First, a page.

“Thank you.” He nodded politely. He was looking around with curiosity, and Olivia wondered what his first impression was of their facility. 
  Their lab provided services to Georgia’s law enforcement community. On the national scale it wasn’t the biggest, or the most state-of-the art, but they were sizable enough and well equipped. The people were their greatest asset. Of course, they didn’t have enough of them at the moment, but the ones they had were all exceptional. The cream of the crop. Shade was a picky employer. 
  Once he sat his backpack down, Olivia introduced Dax to Helen, a transplant from the British Isles, tall and thin, kind of like him only tanned. Next was Matthew who refused to go by Matt and wore a knit hat even in July. After Matthew came Ms. Dew, big as a house and with an old-fashioned sunny personality. She loved food and made no secret about it. 
  “Dax. I love your name! It is an old family name?”
  “Not that I’m aware.”
  “Does it have a special meaning?”
  “It does to me, Ms. Dew.” Dax’s nose wrinkled in a funny way, making Olivia focus on this part of his face. 
  He had a peculiar nose, sensual. Straight and fairly short, it sloped down with no noticeable ridge and ended in a chiseled tip. When he wrinkled it, his thin flared nostrils quivered and that little fence underneath that separated the nostrils clearly showed. 
  “Oh, I’ve got to look it up. How about I’ll find out and tell you?”
  “I’m looking forward to what you find out.”
  “Consider it done.” Ms. Dew turned around and snapped open the lid on a plastic tray. “In the meantime, I’ve got something to keep y’all’s spirits up.” She displayed a tray of one-bite cupcakes domed with neon green icing. She turned around slowly to let everyone who was gathered around admire her creations before she pushed the tray into Dax’s face. “Have a couple, do. Lunch isn’t soon yet.”
  Taken aback, he stared at the cupcakes from behind his glasses. Olivia got a distinct impression that Dax didn’t have a sweet tooth. Either that or the saturated lime green wasn’t his color. 
  He smiled then, and something flashed in his eyes. Humor?
  “They look delicious, Ms. Dew, but I can’t have any. I’m on a diet.”
  Ms. Dew gave his beanpole-thin frame a doubtful once-over. “No kidding.” 
  Popping one into her mouth, green icing and all, Olivia steered Dax out of the cubicle area into the lab.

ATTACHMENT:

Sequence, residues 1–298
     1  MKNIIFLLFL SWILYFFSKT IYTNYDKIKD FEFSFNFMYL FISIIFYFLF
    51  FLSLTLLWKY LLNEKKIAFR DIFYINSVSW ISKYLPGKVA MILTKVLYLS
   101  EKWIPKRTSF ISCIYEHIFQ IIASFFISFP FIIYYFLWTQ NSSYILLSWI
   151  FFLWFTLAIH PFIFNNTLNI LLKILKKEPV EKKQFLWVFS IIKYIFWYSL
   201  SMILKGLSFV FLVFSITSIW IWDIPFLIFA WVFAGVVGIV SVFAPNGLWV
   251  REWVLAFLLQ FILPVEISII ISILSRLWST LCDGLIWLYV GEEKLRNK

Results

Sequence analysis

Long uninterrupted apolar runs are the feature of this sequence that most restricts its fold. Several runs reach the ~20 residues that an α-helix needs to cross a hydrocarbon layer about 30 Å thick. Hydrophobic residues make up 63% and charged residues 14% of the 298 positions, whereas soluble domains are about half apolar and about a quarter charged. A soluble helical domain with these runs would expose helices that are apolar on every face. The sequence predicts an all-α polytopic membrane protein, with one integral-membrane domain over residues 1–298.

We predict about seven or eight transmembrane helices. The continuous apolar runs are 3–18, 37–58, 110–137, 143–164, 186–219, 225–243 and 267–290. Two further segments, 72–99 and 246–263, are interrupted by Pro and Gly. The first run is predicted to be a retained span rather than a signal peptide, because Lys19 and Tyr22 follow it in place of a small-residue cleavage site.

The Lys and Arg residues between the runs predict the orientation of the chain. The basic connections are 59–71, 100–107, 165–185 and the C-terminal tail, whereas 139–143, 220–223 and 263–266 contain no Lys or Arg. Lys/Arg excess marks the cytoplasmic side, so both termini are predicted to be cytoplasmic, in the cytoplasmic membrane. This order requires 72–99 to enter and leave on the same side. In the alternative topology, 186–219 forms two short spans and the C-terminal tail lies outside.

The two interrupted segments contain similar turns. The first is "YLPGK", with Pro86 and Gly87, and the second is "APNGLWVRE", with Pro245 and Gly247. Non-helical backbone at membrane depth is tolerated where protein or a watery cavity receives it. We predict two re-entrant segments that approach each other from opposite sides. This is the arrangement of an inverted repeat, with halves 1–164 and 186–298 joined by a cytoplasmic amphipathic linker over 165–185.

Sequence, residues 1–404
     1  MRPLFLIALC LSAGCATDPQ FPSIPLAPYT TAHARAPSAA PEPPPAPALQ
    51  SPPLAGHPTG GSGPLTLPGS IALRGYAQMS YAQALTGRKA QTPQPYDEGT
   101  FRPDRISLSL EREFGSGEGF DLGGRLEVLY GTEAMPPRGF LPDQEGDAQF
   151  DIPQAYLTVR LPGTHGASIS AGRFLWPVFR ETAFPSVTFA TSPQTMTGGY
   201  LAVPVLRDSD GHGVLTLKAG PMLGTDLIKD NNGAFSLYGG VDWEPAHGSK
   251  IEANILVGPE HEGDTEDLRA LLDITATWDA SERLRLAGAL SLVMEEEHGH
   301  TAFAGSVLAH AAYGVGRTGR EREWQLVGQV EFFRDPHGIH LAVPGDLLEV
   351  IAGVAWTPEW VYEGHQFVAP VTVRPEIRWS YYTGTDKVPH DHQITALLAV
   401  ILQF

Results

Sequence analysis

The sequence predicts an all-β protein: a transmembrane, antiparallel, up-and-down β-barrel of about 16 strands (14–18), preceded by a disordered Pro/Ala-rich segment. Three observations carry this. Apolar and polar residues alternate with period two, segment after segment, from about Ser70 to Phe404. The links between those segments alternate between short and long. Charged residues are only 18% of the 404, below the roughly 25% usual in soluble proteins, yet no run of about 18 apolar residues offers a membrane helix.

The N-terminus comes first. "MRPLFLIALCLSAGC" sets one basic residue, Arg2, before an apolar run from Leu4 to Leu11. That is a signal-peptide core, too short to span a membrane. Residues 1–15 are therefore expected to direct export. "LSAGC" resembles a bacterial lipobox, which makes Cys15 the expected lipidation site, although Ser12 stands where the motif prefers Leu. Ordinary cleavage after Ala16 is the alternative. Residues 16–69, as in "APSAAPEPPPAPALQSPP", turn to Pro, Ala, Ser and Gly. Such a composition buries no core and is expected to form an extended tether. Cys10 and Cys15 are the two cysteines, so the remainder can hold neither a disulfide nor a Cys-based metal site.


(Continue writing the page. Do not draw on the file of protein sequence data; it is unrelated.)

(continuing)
“This is the main hub. Pretty much all the equipment we use is here, as I’m sure you can see. Have you worked in trace evidence before?” It was a rhetorical question. Shade had told her so, and that Dax was good. How good they’d soon see.
  He nodded absently and took a peek into a microscope. “For the last few years I worked for a private lab here in Atlanta. Before that I worked for a sheriff’s department doing crime scene investigations. I still like to go sometimes.”
  Olivia felt like a heads-up was in order. “Well, we don’t go. Cops don't appreciate lab folk trampling all over their crime scenes. We stay here and look into the microscopes.”
  He gave her a brief smile. “They will still appreciate me going.”
  “Oh, okay.”
  He was full of crap. 
  They slowly moved around until they reached the spot where Alex was sitting. As usual, Alex was a sight to see. The left half of her head was smoothly shaved. The right half sported short mahogany locks chopped at different lengths and styled in stiff angry spikes.
  Alex turned at their approach and watched them with big soulful eyes and a smirk on her face. 
  “Goody,” Alex murmured before Olivia had had a chance to speak. “Shade has brought in big guns.”
  “This is Alex,” Olivia interjected smoothly. “Anything weird, spooky, or high-tech – Alex can handle it. Anything that doesn’t make sense at all. Making sense of the weirdness is our Alex’s specialty.”
  Dax just smiled. “Hi, Alex.”
  Alex gave him a bored look. “Hi. Welcome to the madhouse.” She gave them a lazy wave with fingers encased in a purple glove, and turned back to work. 
  “I wouldn’t describe this place as a madhouse,” Olivia felt compelled to clarify once they moved out of Alex’s earshot. “This place can be crazy busy, but it’s pretty structured. Everything has its place, and everyone does what they’re supposed to. That’s how we stay on top.”
  He looked at her, and Olivia suddenly got flustered. Did he have to have such intense eyes? And he was standing too close.
  “Do you like it better structured?”
  “I do, and I suggest you do, too. That’s the only way to stay afloat in the workload that never ends.” She knew she sounded patronizing and testy, but his obvious analysis of her person rankled. 
  He must’ve understood how she felt, for he switched his attention to a place at the counter where a stack of evidence kits and documentation was piled up sky- high. “What do you do?”